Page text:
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Jakarta Post

Ari Bayuaji: His Artistic Adventure

  • Stevie Emilia

    The Jakarta Post

Jakarta   /   Fri, March 21, 2014   /  01:03 pm
Ari Bayuaji: His Artistic Adventure (Courtesy of Ari Bayuaji)

(Courtesy of Ari Bayuaji)

Indonesian artist Ari Bayuaji finds making art to be a great life adventure.

'€œMy artwork is inspired by things around me and I like to share the work with many people,'€ Ari says. '€œThat'€™s why I love to create art installations for public spaces.'€

Being a full-time artist, he said, was the only work he thought he could do best.

'€œI'€™ve been very lucky to be able to do something that I really love to do. I don'€™t have to work for a company or [answer to] a boss. I can'€™t be happier,'€ says the 39-year-old artist.

Ari, who lives in Canada with permanent resident status, returns to Indonesia from time to time, including to his workshop in Bali, where he is preparing for his upcoming art project, commissioned by the Esplanade Singapore.

'€œI do not want to drop my Indonesian citizenship. I think it'€™s good to have an option to work in Indonesia and Canada at the same time,'€ he says.

As an Indonesian, he says it is important for him to live in Indonesia, at least for some part of the year, while constantly following news from home, especially on politics and the arts.

'€œWe have a very dynamic country. Probably it'€™s one of the reasons why visual art is Indonesia is growing really well,'€ said Ari, who mostly spends his time reading when not working at his studio.

Born in Mojokerto, East Java, at school, Ari found himself learning about culture, from ethnic songs to traditional architecture styles from the country'€™s many islands '€” instilling in him a pride and love for his country.

His parents, especially his late father, played an important role in nurturing his curiosity.

Ari said his father was a teacher of Indonesian at the town'€™s junior high school, but at home he gave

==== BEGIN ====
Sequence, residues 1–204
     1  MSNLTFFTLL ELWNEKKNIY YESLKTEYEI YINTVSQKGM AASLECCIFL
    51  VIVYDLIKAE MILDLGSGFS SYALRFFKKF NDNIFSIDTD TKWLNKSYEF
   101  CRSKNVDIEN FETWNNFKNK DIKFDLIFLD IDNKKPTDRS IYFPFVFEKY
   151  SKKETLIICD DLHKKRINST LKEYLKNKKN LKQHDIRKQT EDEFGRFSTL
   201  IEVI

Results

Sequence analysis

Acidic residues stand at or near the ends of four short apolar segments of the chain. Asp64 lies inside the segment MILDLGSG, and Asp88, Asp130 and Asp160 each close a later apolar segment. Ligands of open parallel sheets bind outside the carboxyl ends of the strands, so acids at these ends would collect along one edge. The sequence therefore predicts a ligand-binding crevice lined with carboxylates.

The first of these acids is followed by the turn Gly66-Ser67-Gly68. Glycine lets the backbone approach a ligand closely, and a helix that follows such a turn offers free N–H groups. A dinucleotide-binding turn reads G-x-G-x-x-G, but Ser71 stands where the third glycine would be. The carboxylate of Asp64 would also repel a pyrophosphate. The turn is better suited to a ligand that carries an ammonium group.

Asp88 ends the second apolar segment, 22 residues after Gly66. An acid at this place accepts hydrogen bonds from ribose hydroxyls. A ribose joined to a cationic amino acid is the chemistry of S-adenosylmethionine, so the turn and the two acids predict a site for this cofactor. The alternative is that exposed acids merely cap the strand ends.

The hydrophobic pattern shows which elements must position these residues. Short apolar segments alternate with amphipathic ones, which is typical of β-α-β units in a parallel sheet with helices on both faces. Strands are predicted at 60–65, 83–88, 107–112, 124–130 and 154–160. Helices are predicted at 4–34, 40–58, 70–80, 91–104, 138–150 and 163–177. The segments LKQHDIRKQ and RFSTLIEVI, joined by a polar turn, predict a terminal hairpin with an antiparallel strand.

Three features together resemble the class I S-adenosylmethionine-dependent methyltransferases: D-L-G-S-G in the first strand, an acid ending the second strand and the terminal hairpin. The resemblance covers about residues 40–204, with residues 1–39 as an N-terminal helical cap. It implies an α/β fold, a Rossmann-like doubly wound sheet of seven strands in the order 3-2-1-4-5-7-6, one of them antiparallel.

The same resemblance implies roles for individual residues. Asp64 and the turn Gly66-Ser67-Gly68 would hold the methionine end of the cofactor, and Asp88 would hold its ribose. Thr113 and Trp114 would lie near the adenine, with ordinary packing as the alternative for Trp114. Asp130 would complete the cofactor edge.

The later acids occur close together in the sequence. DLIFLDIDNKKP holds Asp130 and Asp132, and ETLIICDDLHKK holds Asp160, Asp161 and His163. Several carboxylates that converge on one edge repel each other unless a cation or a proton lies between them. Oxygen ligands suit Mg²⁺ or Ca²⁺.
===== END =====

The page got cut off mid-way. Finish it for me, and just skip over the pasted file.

his children a thorough education on the country'€™s arts and culture.

He recalled how his father took his children to the Borobudur temple when he was eight and asked him to look closely at the details of stone carving reliefs on the temple'€™s walls.

'€œHe said, '€˜look at these carvings carefully and feel their beauty and you will remember this for the rest of your life.'€™ I had no idea what he was talking about but I did what he said and he was right. I still remember these images until now. This changed the way I see things in life.'€

He later moved to Bandung, West Java, to continue his high school education and was fascinated by students playing Kenny G'€™s melodies on angklung musical instruments.

But art was not his first choice. Instead, he studied civil engineering in college to ensure he would land
a good job upon graduation.

He recalled nothing fascinating happening during his college time, other than the fact it helped to
develop his self-discipline to study, read more and learn about problem solving.

'€œWhen I got my engineering degree, I felt liberated,'€ Ari says.

His '€œartistic career'€, he said, began when he landed a job as an assistant product designer with a big interior design company in Denpasar, Bali, soon after his graduation in 1998. In the company, he started to learn about the 3-D design-making process and its materials.